Glenn Townend recalls the story of one of his ancestors, who was especially responsible for translating the Bible into English.
Five hundred years ago, the average person’s ignorance of the Bible stemmed from the fact that all holy books were written in Latin, Greek or Hebrew—languages of the scholarly elite. It was at this time that one of my forebears became instrumental in changing society.
A Man To Change The World
William Tyndale was born into a well-to-do Catholic family in Gloucestershire, England, around 1493. In 1506, he was sent off to study at Oxford. Some 10 years later, he received a master of arts degree in theology and was ordained a priest.
In 1519, Tyndale went to Cambridge, where he was introduced to the “new learning” of the Renaissance. He began to realise that the established church determined what the common people believed by keeping the Bible in little-known foreign languages, thus forbidding them access to its teachings. In this way, the church maintained a grip on people’s souls and so determined their obedience and loyalty.
Tyndale observed that “it was impossible to stablish the lay people in any truth, except the Scriptures were plainly laid before their eyes in their mother tongue.” While debating with another clergyman, he promised, “If God spares my life, ere many years, I will cause the boy that driveth the plow to know more of the Scriptures than thou dost!”
Tyndale left Cambridge in 1521 and went to tutor in the household of Sir John Walsh in Gloucestershire. His desire to make the Bible accessible to the common people led him to openly challenge church leaders, who eventually labelled him a heretic.
In 1523, Tyndale started devoting his time completely to translating the Bible into English. Humphrey Monmouth, a wealthy London cloth merchant and a member of the Merchant Adventurers who traded with Europe, supported Tyndale financially.
For the Common People
The next year, Tyndale moved to Wittenburg, Germany, where it was safer and easier to find a printer who would publish his soon-to-be-completed English Bible. While there, he enrolled in the university where Martin Luther was teaching. He continued to work at translating the New Testament into English from its Greek and Latin sources.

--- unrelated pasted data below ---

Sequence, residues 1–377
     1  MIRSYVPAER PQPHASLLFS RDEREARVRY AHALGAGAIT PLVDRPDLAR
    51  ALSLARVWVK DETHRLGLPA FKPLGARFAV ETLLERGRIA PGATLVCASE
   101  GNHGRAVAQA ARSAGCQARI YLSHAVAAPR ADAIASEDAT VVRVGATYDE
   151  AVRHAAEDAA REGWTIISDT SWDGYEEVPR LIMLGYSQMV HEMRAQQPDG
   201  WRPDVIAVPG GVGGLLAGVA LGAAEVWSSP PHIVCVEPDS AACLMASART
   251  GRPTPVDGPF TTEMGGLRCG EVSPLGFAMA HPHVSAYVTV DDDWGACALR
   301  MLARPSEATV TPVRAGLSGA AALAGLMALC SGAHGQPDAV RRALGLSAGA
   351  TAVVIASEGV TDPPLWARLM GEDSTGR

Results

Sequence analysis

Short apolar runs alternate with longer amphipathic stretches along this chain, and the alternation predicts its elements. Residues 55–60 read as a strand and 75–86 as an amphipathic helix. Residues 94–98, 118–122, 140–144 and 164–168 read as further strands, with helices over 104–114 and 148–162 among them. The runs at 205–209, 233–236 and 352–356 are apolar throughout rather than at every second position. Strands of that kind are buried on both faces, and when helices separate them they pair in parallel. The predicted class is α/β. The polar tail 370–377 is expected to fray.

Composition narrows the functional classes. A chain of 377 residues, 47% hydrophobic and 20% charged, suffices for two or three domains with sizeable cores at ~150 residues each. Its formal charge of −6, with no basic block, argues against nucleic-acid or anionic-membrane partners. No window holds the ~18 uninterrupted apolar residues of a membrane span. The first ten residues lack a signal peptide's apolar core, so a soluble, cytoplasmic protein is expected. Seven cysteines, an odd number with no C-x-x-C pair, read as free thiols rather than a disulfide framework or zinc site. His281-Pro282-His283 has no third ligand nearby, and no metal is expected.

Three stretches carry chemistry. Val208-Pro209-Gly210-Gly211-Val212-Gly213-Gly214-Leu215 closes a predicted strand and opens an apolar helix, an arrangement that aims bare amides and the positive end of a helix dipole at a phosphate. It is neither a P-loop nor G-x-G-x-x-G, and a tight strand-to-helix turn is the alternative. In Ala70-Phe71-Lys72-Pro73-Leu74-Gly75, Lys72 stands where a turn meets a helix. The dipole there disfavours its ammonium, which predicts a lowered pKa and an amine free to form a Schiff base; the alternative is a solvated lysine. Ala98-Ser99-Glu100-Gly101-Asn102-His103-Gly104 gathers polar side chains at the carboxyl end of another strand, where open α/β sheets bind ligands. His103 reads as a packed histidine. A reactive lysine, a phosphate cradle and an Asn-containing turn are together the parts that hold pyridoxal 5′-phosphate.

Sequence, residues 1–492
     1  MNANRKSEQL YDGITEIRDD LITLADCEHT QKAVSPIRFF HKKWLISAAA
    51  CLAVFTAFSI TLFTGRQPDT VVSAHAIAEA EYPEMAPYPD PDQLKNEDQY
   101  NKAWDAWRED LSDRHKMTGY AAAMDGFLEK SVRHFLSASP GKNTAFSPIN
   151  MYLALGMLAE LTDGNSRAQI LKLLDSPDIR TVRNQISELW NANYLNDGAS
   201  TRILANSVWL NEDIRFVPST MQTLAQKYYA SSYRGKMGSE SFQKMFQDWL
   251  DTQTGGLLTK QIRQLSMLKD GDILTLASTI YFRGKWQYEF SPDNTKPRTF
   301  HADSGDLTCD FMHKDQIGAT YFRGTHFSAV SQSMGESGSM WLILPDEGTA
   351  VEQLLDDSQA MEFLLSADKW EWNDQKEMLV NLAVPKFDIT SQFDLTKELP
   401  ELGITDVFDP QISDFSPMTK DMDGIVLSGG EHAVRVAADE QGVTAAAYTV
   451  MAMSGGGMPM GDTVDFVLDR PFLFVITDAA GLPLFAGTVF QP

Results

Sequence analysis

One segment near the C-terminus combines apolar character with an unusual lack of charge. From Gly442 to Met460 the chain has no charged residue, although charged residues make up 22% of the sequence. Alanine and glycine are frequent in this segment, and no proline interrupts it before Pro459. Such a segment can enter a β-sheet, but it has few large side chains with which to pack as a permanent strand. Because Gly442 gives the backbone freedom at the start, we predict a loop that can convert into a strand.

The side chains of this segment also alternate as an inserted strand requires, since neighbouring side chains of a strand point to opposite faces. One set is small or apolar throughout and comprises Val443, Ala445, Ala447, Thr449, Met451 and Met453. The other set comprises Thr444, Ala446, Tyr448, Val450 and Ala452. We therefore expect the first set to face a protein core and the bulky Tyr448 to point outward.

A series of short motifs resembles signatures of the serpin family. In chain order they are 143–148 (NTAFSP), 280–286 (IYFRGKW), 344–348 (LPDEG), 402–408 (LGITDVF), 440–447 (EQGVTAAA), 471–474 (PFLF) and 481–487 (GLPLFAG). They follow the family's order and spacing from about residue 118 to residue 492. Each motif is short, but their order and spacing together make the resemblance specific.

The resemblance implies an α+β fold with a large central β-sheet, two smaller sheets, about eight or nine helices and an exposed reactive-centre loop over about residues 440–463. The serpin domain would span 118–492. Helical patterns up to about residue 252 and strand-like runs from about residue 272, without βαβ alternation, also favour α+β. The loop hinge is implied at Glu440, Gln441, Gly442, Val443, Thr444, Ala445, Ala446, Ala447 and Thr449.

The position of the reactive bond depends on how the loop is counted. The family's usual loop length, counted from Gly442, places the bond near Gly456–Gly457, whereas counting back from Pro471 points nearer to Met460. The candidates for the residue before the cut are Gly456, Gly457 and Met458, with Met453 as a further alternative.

In March 1526, he had an English New Testament published. Thousands of copies were smuggled into England. One German scholar observed that “the English . . . were so eager for the gospel . . . that they would buy the New Testament even if they had to give a hundred thousand pieces of money for it.” Fortunately, Tyndale’s merchant friends kept the price low, so even lower income earners could afford it.
Tyndale’s New Testament translation caught the attention of Bishop Tonstall in London, who declared it against the teachings and authority of the church, and ordered that all copies be seized and publicly burned. In an attempt to prevent its sale, Tonstall purchased all the copies he could locate, which was most of them. While this outraged the people, the income gave Tyndale and his merchant friends the immediate means to print more Bibles!
Man In Hiding
Little is known of Tyndale’s whereabouts while he was a fugitive in Europe. However, by 1529, he had mastered Hebrew and by 1530, he had translated the first five books of the Old Testament (commonly called the Pentateuch) into English. Terms such as passover, scapegoat, tender mercies, longsuffering and birthright, which are still used today, were coined by Tyndale.
In 1530, Tyndale wrote “The Practyse of Prelates,” opposing King Henry VIII’s planned divorce from Catherine of Aragon and marriage to Anne Boleyn on the grounds that it was not scriptural. This treatise now made him an enemy of the king of England as well as of the church.